Q&A: Ryan in South Africa

Cape Point, South Africa

Cape Point, South Africa

Ryan Freer is a senior Political Science major from Yorkville, IL.  He participated in the
Nation Building in the New South Africa study abroad program this summer.

Q: We love new foods. Tell us about the best dish you had in South Africa?
A. The best dish, I think was the mealie pap.  It kind of looks like mashed potatoes, but it’s very stiff usually.  It can be made more or less firm, but that’s the way it’s usualy served.  Add a side of upens—sheep intestines—and you have yourself a traditional South African meal!!  Another favorite restaurant is African Gold in Johannesburg.  If you go on the program, you’ll probably go there as one of your last nights in country.  It’s a set course menu of dishes from all across Africa.  Everything is worth trying, especially the malva pudding.  It’s like a really moist monkey bread. And while not exactly a recipe per se, but I tried a tonic cola & lemonade drink.  Delicious.

Q: Let us in on a local secret or a tip future study abroaders can’t miss.
A: In Cape Town, down the street from your apartment, there’s a restaurant called the Big Route.  Best place to go for a drink, a pizza (the springbok pizza is my favorite) and the tiramisu is incredible. Oh, and there’s free Wi-Fi for customers.

Q: What don’t you miss about South Africa?
A: Sad to say, having Wi-Fi almost anywhere you go.  It’s in the restaurants and other places you go, but 9 times out of 10 there’s a password you have to ask for—as a paying customer.  It made it difficult to post daily blogs, keep in contact with friends and family back home.  Oh and if you and a friend have an iPhone, just use iMessage to talk to them. It doesn’t use international data from your phone package, which can be quite expensive.  So in short, the digital/technology part of travelling is a hassle, BUT if you take it as a time to be detached from technology, you won’t miss out on the beautiful beautiful things Africa, and traveling in general, has to offer to you:  sights, sounds and people.

Q: Talk it up – what sort of new vocabulary did you pick up abroad?
A: In Cape Town, but in South African lingo too, you’ll hear “izzit?” a lot.  It’s when you say something unbelievable and it’s comparable to “is it really?”  Also, when parting ways with someone or as a way of saying thank you, you hear something like “shap.”  I’m not sure of the translation, but I took it as either “thank you,” “peace,” or something along those lines.  When you travel, it’s the smallest things and cultural differences you find interesting or at least should take appreciation in.

Q: Did anything specific shock or surprise you about South Africa?
A:  Africa being Africa, and South Africa being an increasing Western country, you have modern day things we’re used to seeing but with its own African vestiges of tribal culture and history.  You may or may not be familiar with, in villages and tribes, the local medicine man who used herbs to cure illnesses and etc.; kind of like the local doctor.  Well, when I was in Cape Town one day, a solicitor handed me a piece of paper offering their services (there’s a huge demand for silver and gold too, by the way), and later that night I looked at it and couldn’t believe what I saw.  It was a flyer for “Dr. Tina,” a medicine man who could help you—exact quotes here— with “financial problems,” “bring back lost lover—1 day guaranteed,” “get your job back immediately,” “win big court cases,” with “body pains, asthma, blood pressure, diabetic, etc…,” just to name a few.  On one hand it was hilarious to see that results were guaranteed, but on the other hand when reflecting how traditional African cultures and Western cultures blend, it was really interesting to think about.  I still kept the flyer as a comedic souvenir.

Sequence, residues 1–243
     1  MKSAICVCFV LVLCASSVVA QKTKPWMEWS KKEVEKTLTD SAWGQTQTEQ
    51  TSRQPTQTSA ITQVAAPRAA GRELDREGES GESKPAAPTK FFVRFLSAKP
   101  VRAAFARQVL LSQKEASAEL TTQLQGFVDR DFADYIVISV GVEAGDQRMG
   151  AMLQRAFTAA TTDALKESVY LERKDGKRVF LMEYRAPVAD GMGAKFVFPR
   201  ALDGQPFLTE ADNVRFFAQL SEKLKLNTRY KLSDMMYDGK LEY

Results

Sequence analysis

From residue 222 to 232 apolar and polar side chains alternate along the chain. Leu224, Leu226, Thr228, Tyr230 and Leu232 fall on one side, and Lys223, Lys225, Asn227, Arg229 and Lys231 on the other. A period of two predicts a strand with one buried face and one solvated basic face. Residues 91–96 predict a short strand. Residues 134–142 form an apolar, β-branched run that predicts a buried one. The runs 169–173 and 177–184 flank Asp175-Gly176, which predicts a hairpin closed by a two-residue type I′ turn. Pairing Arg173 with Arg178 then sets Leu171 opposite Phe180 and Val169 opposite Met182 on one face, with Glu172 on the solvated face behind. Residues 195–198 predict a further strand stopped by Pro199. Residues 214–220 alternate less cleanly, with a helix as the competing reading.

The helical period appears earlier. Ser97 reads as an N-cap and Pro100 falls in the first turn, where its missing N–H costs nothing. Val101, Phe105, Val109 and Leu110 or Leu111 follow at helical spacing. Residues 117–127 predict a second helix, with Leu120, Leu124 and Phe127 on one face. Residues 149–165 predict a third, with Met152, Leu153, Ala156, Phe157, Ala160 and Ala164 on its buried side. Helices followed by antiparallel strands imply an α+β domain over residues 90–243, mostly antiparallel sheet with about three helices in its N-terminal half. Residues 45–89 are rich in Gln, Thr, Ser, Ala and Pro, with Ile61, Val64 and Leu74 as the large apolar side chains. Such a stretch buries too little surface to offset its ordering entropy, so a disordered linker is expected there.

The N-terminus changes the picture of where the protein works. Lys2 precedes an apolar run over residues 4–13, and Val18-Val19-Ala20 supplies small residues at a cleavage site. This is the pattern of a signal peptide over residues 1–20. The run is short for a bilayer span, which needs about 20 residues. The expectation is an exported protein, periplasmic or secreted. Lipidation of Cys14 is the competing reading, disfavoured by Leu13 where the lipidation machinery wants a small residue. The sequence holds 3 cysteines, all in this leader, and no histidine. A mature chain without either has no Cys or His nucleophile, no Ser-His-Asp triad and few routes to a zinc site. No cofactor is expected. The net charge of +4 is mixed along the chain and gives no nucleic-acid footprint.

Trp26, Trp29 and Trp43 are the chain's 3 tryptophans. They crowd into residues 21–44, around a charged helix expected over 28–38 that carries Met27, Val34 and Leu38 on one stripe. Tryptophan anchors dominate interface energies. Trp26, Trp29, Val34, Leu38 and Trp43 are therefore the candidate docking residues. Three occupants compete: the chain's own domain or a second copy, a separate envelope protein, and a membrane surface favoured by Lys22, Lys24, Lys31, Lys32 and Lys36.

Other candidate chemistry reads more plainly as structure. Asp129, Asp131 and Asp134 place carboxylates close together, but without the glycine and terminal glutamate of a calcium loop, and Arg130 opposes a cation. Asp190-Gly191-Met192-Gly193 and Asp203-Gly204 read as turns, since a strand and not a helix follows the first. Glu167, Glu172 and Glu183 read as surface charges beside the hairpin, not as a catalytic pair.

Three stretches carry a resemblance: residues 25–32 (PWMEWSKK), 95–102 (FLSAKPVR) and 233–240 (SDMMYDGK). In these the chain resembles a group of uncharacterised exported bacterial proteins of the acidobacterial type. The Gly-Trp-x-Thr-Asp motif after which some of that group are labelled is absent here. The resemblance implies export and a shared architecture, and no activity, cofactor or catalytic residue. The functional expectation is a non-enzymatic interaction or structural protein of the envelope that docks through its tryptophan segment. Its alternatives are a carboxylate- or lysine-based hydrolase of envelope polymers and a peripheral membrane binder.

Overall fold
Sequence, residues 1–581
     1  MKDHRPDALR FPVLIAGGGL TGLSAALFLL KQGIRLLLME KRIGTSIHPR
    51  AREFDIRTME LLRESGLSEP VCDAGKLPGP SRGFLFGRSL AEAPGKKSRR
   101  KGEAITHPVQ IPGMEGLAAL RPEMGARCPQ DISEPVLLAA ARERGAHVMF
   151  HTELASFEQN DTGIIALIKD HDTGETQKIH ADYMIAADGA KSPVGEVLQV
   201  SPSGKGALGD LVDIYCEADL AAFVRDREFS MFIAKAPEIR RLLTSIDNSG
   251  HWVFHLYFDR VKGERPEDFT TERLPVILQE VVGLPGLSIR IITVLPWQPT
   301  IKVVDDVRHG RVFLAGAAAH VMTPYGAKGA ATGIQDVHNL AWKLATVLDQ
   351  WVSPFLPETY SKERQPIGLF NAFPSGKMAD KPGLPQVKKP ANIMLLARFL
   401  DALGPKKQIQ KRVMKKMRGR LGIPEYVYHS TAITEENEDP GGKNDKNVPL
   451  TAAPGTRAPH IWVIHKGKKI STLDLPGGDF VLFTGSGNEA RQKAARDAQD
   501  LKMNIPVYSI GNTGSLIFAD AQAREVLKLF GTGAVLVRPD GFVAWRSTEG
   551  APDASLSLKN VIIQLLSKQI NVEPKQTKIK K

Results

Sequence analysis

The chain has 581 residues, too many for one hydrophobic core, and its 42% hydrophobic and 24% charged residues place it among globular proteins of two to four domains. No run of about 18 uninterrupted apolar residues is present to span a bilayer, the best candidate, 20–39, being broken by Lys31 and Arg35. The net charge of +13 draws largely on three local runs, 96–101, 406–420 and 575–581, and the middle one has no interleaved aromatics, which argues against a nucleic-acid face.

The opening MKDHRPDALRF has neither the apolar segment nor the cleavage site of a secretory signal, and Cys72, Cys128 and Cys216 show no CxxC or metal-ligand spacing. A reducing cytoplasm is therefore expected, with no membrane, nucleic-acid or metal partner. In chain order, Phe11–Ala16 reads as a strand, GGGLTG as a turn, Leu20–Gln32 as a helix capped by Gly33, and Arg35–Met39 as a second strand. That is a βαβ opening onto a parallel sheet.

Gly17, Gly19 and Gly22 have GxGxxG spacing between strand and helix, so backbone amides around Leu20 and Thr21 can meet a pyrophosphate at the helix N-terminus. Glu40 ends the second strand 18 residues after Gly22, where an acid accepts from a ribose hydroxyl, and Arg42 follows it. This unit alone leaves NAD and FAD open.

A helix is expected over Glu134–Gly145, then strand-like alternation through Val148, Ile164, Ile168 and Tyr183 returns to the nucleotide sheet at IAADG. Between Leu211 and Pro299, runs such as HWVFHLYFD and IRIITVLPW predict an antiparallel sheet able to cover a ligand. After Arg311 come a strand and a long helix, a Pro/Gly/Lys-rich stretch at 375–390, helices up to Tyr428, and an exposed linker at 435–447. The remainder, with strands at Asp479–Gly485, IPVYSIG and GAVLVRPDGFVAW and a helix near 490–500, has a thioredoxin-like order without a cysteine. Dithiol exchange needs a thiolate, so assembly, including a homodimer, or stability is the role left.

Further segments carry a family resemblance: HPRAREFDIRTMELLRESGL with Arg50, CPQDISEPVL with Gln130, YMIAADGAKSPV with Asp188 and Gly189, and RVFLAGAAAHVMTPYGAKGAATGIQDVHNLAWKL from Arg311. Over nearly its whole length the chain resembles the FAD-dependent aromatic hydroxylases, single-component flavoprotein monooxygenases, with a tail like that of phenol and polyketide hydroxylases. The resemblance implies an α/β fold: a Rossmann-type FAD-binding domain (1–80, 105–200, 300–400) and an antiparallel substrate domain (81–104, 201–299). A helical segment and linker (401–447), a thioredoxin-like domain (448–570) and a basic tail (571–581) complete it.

Q. With such a busy schedule, what do you do in your free time?
A:  Weekends, or any other day you have down time, there are a few places to go within walking distance.  Sea Point or the V&A Waterfront in Cape Town, is full of shopping, just going for a stroll and get near the ocean.  You can buy a ticket on one of the topless/half buses for R150 (about $15) and it’s a day ticket that takes you on a tour all around the city.  The blue line takes you around the peninsula and you have the opportunity to go wine tasting.  I would highly suggest it, especially closer to the end of your stay as a great way to cap off your trip: great views and great wine.  I don’t suggest staying in your room doing homework unless necessary.

Think of it like this: you’re in Africa, and the world is literally at your fingertips. Go out and enjoy it. Experience something new, and yes, do as the locals do.  Talk to people, too! Mostly anyone is willing to share their story, and everyone has a story to tell.  You may be surprised when you start chatting with a seemingly normal person and find out the amazing places they’ve been, people they’ve met and the things they’ve experienced.

Go to the Green Market Square for your souvenirs.  Unfortunately most vendors will be very adamant about you coming to look at their items, but if you see something you like, barter with them.  It can be fun and they’ll respect you more for it.  Just know what’s a good price.  One guy wanted me to pay about $50 for two items, but I got him down to $21.

Thanks, Ryan!


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